Last week Sensei spoke again of the importance of connection, using the examples of the joints in the body. The body has many joints which both connect all the parts together and allow it to move smoothly. The fewer joints, or connections, we have, the less smooth our movement will be. Demonstrating a technique, he said that he could do it this way because he was using all of the joints in his spine together, as if it were a rope.

The rope is an important tool in this years’ training theme as it demonstrates the connectedness of things. Sensei also mentioned that the rope is like one big joint working as a whole – it has no links or joints in it, such as a chain does for example, so it can be used in a supple and fluid manner. Perhaps another way of looking at it is viewing the rope as being composed of a billion tiny joints which have been amalgamated into one thing which works as a single unit. All of the separate parts have been united to create a new thing – and the whole is greater than the sum of the parts, as they say.

The word for joint in Japanese is ‘kansetsu’ (関節), and it is also interesting that the word for ‘indirectness’ is also pronounced ‘kansetsu’ (官設). I certainly felt both aspects of this when he allowed me to feel the technique. He was controlling me so lightly that it felt like I was being held in place by a single sheet of paper. It was the indirect manner in which he responded to my punch that allowed him to do it.

Ayase Report (080422)

From The Magick & The Mundane » Bujinkan by Shawn Gray

Class started out tonight with a demonstration of one of the first techniques of Togakure-ryu Ninjutsu by Noguchi Sensei. Soke then did his spin-off thing and soon had the full class in a state of confusion. Nothing unusual about tonight in that regard. :-)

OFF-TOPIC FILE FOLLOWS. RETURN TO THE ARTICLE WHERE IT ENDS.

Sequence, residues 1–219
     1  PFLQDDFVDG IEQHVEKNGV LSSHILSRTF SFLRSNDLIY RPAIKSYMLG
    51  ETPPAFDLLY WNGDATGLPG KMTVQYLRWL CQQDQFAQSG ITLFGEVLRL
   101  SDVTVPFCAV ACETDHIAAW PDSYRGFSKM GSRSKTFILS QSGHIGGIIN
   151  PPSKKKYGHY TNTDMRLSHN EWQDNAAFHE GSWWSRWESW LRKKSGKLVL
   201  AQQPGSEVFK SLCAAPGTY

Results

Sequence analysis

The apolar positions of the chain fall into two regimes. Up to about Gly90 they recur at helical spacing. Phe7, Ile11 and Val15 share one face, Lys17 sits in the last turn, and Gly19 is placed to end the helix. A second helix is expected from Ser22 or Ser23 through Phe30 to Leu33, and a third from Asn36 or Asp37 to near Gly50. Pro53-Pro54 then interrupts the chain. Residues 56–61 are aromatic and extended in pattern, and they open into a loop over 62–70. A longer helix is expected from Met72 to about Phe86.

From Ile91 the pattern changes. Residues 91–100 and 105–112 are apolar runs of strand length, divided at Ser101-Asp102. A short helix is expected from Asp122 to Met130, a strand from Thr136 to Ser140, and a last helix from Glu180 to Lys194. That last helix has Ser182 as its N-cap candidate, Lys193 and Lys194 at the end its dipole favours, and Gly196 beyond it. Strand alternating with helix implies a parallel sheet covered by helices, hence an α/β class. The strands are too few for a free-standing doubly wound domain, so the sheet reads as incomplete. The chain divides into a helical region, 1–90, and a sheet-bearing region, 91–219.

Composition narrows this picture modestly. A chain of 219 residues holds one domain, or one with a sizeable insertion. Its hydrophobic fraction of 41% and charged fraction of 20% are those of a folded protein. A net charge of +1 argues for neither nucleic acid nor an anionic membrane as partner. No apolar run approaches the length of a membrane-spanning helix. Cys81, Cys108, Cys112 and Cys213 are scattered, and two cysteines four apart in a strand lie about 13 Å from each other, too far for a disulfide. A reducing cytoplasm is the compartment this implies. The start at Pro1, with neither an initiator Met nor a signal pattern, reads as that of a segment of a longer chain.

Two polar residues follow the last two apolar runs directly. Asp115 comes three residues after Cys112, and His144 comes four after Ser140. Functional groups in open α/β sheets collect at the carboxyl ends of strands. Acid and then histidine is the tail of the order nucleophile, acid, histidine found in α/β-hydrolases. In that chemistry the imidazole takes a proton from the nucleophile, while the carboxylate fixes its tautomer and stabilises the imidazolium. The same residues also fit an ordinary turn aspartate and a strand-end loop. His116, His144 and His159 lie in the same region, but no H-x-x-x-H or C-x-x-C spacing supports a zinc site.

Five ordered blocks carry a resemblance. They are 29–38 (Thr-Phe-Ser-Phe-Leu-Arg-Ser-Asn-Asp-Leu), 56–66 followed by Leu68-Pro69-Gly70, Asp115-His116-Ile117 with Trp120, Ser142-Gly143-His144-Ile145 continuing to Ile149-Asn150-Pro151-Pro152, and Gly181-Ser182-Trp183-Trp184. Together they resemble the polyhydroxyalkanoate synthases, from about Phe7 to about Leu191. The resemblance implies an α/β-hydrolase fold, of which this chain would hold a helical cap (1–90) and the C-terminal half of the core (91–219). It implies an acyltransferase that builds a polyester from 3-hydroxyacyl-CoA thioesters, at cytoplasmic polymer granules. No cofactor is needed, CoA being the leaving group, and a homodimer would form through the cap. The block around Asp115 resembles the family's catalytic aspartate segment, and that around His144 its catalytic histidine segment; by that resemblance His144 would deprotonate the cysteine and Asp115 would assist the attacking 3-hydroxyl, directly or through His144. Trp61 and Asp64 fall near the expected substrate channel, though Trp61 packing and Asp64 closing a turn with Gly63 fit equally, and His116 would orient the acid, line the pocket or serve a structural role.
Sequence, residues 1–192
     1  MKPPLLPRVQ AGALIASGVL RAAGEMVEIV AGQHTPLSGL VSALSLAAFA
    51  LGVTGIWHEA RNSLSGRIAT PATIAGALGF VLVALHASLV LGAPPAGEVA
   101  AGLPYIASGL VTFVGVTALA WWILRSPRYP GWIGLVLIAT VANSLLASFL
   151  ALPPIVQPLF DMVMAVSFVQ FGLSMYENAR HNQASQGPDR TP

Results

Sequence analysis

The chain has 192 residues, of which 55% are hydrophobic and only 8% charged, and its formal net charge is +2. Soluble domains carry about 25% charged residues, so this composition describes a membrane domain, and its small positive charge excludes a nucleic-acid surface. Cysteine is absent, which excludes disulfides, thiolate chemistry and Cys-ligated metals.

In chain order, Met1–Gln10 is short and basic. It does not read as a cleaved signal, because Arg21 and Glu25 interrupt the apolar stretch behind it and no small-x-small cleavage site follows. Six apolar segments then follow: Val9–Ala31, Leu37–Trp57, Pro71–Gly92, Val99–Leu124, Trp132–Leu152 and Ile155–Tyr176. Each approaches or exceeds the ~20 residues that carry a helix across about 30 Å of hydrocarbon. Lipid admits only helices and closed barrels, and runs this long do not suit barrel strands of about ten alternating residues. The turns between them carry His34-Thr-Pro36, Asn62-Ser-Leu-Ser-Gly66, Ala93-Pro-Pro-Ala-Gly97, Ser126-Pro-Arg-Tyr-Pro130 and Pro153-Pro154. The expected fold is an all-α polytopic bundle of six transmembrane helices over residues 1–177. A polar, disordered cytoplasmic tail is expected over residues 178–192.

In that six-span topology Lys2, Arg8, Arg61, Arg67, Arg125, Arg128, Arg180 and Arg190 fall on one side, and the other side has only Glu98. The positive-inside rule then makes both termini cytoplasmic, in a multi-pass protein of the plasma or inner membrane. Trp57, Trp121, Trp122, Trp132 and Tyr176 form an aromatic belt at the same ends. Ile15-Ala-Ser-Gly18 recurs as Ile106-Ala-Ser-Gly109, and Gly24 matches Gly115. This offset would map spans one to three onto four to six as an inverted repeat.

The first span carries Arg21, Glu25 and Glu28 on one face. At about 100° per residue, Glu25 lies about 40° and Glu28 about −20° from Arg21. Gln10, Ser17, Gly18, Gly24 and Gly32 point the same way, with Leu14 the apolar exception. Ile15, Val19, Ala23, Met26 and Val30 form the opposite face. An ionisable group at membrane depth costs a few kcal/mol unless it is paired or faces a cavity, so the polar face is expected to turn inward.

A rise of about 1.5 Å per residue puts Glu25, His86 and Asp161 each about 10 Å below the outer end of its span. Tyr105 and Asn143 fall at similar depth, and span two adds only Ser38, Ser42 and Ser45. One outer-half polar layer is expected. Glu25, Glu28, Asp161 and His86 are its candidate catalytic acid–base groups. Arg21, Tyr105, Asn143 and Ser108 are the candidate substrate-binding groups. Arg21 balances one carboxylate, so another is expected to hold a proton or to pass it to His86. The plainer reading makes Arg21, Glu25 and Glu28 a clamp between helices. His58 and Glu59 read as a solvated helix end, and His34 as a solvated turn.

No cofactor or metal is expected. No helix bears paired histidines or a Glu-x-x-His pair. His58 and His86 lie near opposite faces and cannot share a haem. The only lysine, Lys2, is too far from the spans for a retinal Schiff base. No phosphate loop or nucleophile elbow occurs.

We did a lot of work with “fist changing” tonight – using multiple strikes against the opponent, changing the strike from one form into another along the way. From a shishinken to a boshiken to a shutoken for example, 3 consecutive strikes with the same hand. It wasn’t as if we were just standing there hitting the other guy repeatedly with one hand though. Sensei stressed the necessity of *walking* through the technique. With every step, a strike would be applied. A step was used to power every strike. Sensei often uses the term “juppo sessho” (’10 ways of interacting’ is one rendering of that phrase) in relation to this “fist changing.” The number 10 represents infinity and circularity, continuous, never-ending change. The martial *artist* must be able to continually adapt his attacks and strategies to best fit continually-changing circumstances, “changing as change is necessary” to accomplish that which [s]he wills to do.

From the number 10, Sensei went on to talk about the “bugei juhappan”, 18 martial skills to be learnt by the common Japanese warrior (bushi). (“Ninjutsu practitioners also study Bugei Juhappan alongside with Ninja Juhakkei (the 18 Ninjutsu fighting art skills).”) Sensei said that by adding this extra dimension, we arrive at the number 36, which is a significant number in ‘fuusui’ (風水, pronounced ‘feng-shui’ in Chinese). He didn’t elaborate, leaving it up to the listener to figure out for themselves. (I could turn it into a ‘93′ by turning it around, but…) He did leave a hint though by stressing the *simplicity* of the concept, stating that its simply a continual circulation in two (or more) directions at the same time, much like the simultaneous circulation of blood through both the arteries and veins through the body. Once again we were left with the teaching that budo is simple, but its simple on a grand scale.